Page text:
The first search results (I stopped after 20) agreed in principle, albeit with different wording, that the purpose of literature is to explore and express human nature. I refine that to mean creative writing that reveals truth and possibility through story. Doesn’t matter if it’s a simple genre romance or multi-generational saga or anything in between. Storytelling is as old as human civilization, and capturing it in writing is what constitutes literature.

In fiction publishing, there’s a distinction between literature as a written art and “literary” as a writing style and marketing category. My interest is in the former, and in seeing how authors across genres — the body of literature — are adapting to a global pandemic concurrent with intense sociopolitical changes.

Multiple adaptations

The trends I see so far among fiction authors are clustering in four approaches.

(1) Some novelists have simply incorporated societal changes into their stories, including peoples of all colors, cultures, and genders in their character sets as part of the norm of their characters’ worlds.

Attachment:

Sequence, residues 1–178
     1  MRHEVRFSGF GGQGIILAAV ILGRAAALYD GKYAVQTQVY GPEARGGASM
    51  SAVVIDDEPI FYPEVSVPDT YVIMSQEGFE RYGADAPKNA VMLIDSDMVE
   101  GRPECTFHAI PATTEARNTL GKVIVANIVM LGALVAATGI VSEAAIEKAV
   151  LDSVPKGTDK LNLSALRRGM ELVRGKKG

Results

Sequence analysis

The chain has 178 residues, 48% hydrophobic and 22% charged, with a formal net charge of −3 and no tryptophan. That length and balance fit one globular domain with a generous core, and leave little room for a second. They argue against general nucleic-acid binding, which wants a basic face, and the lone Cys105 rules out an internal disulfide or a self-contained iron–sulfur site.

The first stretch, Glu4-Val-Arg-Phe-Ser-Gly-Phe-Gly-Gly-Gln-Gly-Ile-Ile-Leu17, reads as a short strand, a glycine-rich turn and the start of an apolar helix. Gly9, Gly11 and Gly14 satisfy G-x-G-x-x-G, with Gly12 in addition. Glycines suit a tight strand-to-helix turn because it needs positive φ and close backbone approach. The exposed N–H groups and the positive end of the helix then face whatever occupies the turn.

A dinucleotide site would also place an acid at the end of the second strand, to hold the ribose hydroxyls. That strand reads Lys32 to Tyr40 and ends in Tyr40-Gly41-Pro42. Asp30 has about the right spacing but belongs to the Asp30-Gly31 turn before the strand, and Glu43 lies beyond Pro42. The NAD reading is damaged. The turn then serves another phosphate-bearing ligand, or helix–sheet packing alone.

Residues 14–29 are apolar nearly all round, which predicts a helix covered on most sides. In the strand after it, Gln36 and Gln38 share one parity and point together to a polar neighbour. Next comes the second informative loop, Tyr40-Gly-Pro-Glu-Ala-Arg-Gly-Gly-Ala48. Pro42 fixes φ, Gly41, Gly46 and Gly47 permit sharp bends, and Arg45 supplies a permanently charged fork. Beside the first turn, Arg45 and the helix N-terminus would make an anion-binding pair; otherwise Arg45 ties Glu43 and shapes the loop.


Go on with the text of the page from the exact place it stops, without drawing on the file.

In physical descriptions, when characters are described at all, references to their racial or ethnic heritages are as generic as possible, country of origin omitted unless directly relevant to the story, and nonbinary sexuality alluded to by casual mentions, such as a man having a husband or a woman having a wife. All human varieties are assumed to be normal. No commentary about it in the narrative; the story just moves on.

(2) Other novelists have gone the apologia route, inserting front matter into their books to define their positions to readers before they launch into the story. Some literally apologize for even mentioning difficult subjects. Those subjects can be the pandemic or socially sensitive topics such as race, sexuality, politics, or violence.